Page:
Pemptousia and OCN have entered a strategic partnership to bring Orthodoxy Worldwide. Greek philosophers from Ionia considered held that there were four elements or essences (ousies) in nature: earth, water, fire and air. Aristotle added ether to this foursome, which would make it the fifth (pempto) essence, pemptousia, or quintessence. The incarnation of God the Word found fertile ground in man’s proclivity to beauty, to goodness, to truth and to the eternal. Orthodoxy has not functioned as some religion or sect. It was not the movement of the human spirit towards God but the revelation of the true God, Jesus Christ, to man. A basic precept of Orthodoxy is that of the person – the personhood of God and of man. Orthodoxy is not a religious philosophy or way of thinking but revelation and life standing on the foundations of divine experience; it is the transcendence of the created and the intimacy of the Uncreated. Orthodox theology is drawn to genuine beauty; it is the theology of the One “fairer than the sons of men”. So in "Pemptousia", we just want to declare this "fifth essence", the divine beaut in our life. Please note, not all Pemptousia articles have bylines. If the author is known, he or she is listed in the article above.
In order to evaluate Saint Basil’s contribution to the canonical tradition and spiritual conscience of the Orthodox Church, we have to consider the following presuppositions: First, the canonical writings of Saint Basil are pastoral works that deal primarily with transgressions and aim at restoring the fallen Christian into communion with the body of the Church. The ultimate goal of the legislator is the salvation of the persons committing the transgression and their discipline in such a way as to lead them to repentance while preventing others from entering similar situations. The penances were warning lessons for the whole Christian community and for society in general. The way that we ought to view these rules should be in the spirit of the soteriological work of the Church and not as mere criminal laws.
Second, most of the moral transgressions concerning marriage were also offences in the eyes of civil law, and as such they were treated respectively. The Church distanced herself from the severe regulations of the civil law but in a way that was not contrary to the social ethos, respecting the given cultural establishment. Christianity appeared not as a revolutionary movement that came to overthrow the social order, but as a new way of life with higher moral standards. The respect of Saint Basil for the social establishment is evident in many of his canons, as for example in his eighteenth canon which deals with transgression of a virgin: “it is a great sin for even a slave woman who has given herself up to a clandestine marriage to imbue the house with corruption and roundly insult the owner by her wicked mode of life.”
Finally, the canonical regulations of the Church also served the purpose of preserving the integrity of the Christian communities from the squall of many heresies and deviations from the pure faith. The sixth canon of Saint Basil states: “For this is also advantageous to the Church for safety, and affords heretics no occasion to complain against us on the ground that we are attracting to ourselves on account of our permitting them to sin.”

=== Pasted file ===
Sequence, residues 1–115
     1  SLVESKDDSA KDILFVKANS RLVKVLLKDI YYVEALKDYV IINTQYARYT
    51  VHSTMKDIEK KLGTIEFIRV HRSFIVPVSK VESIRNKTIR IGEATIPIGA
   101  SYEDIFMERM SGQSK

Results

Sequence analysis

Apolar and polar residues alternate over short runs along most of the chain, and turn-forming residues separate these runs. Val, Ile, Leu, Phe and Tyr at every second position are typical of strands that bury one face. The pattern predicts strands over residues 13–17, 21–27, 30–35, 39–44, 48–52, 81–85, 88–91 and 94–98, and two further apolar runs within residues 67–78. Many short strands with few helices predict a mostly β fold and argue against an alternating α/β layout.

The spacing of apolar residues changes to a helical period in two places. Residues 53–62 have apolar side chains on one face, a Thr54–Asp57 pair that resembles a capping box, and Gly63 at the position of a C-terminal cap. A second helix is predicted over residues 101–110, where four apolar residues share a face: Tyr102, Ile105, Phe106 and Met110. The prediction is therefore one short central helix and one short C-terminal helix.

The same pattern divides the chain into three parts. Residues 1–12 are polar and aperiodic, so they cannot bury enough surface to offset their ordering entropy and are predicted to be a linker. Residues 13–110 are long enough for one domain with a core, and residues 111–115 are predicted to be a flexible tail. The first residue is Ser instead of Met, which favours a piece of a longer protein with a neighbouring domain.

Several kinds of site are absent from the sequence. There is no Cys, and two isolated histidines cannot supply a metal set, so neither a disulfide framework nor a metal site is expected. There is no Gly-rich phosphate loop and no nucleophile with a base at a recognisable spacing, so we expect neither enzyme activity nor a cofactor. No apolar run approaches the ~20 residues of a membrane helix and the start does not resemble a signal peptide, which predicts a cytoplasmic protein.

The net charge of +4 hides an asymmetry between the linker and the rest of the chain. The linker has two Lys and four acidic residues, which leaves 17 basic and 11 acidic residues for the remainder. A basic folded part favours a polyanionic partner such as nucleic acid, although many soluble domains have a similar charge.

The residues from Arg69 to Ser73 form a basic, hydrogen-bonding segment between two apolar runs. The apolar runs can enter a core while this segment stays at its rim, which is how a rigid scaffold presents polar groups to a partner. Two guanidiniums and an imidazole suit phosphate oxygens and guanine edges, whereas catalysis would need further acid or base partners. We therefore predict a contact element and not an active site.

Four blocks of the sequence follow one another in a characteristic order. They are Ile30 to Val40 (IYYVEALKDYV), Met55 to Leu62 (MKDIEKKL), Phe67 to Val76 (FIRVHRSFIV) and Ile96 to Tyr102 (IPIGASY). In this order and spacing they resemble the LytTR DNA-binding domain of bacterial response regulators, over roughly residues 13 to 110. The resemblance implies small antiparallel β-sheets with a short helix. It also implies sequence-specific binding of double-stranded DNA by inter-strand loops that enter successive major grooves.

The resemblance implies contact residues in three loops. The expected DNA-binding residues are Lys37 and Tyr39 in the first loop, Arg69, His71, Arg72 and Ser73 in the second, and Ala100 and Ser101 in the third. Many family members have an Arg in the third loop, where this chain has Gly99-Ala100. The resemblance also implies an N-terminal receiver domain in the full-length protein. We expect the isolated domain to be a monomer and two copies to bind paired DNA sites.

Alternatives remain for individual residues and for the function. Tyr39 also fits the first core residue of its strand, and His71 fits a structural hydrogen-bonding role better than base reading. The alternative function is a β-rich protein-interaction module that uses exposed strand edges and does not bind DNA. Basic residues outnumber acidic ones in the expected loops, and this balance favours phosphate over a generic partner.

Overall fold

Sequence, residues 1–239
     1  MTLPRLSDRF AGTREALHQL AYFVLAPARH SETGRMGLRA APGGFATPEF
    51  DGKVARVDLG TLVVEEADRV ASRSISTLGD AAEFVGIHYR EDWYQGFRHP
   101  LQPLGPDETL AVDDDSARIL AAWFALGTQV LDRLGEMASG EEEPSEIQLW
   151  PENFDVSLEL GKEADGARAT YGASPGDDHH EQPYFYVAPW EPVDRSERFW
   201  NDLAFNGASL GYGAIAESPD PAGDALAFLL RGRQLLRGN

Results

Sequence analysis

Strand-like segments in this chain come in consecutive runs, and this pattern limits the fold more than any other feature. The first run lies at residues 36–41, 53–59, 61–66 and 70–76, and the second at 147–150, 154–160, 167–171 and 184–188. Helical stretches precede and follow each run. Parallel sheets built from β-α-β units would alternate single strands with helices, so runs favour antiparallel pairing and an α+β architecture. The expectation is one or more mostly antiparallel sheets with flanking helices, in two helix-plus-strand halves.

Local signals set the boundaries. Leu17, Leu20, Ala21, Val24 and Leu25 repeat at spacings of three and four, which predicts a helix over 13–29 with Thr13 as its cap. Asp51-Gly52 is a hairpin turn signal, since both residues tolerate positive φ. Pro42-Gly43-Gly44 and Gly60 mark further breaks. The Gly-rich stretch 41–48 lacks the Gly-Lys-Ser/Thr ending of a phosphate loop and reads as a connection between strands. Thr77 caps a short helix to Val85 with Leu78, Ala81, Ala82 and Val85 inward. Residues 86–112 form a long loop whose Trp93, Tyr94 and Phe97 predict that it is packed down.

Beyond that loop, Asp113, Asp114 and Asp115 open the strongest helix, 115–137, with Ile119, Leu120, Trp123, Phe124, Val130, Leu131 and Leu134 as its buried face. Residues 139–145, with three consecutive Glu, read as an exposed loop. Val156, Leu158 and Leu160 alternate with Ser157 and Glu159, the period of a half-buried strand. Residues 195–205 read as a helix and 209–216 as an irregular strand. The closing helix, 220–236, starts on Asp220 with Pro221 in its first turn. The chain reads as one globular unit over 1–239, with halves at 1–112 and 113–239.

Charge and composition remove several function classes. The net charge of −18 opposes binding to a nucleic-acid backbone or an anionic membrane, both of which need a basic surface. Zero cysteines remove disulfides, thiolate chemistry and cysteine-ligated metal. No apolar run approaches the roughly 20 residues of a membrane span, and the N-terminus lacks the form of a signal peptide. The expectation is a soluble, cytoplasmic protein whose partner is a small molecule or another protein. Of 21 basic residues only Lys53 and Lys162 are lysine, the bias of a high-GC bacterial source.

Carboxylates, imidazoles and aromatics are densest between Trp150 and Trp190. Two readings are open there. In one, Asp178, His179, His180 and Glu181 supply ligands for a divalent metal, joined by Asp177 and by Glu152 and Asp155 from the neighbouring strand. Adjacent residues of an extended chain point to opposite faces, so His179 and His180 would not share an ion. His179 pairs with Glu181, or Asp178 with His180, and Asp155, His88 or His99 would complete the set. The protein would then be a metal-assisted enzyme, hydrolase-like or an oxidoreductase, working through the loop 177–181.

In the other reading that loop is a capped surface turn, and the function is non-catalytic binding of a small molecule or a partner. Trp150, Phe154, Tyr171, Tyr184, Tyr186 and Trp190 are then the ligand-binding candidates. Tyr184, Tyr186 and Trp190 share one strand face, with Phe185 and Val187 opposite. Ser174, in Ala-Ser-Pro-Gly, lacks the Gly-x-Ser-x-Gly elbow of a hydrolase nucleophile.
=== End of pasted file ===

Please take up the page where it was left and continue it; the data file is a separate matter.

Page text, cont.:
Having all these in mind we must appreciate the truly orthodox attitude of St. Basil, who balanced faithfulness to the religious and social traditions with grace, forgiveness, and openness of mind. The common theme in his canonical regulations is the persistence on the outcome of the penance, which is the true repentance of the sinner and the restoration of his relationship with God, and not just keeping the letter of the law. For example, he repeats the need for: “adjusting the cure to the manner of repentance”, by explaining that “we do not judge these matters in every case with reference to time, but are inclined to pay more attention to the manner of repentance.”
Despite the oppression of women by the social establishment and the respect the Fathers showed towards its practices, St. Basil expresses a genuine respect towards women and their rights as human beings. Thus, in canon 42 he acknowledges the social premise that a woman must be under the authority of her father (or other male guardian from the family), and states: “Marriages entered into without the consent of those in authority are fornications.” Nevertheless, in canon 18 he refuses to accept young women into the order of virgins without taking in consideration their own will, disregarding the will of their father or brothers, who sometimes committed them out of self-interest: “for parents and brothers tender many maidens, and even before they have attained the proper age, not because they have spontaneously striven after a life of celibacy, but because their parents or brothers have been governed by considerations of convenience to themselves, which maidens must not be readily accepted, until we investigate their own mind openly.”
In other instances St. Basil is deeply sensitive and kind towards sinful women: “As for women who have committed adultery and have confessed it out of reverence or because they have been more or less conscience-stricken, our Fathers have forbidden us to publish the fact…but they ordered that such women are to stand without communion until they have completed the term of their penitence.” The adulteress who confesses her sin is to be treated with respect, and the penance is different than the case of an unrepentant adulteress. Though not allowed to receive Holy Communion, she should stand with the faithful in the Liturgy, and not with the other sinners outside, so as not to give rise to suspicions about the nature of her sin.
(to be continued)
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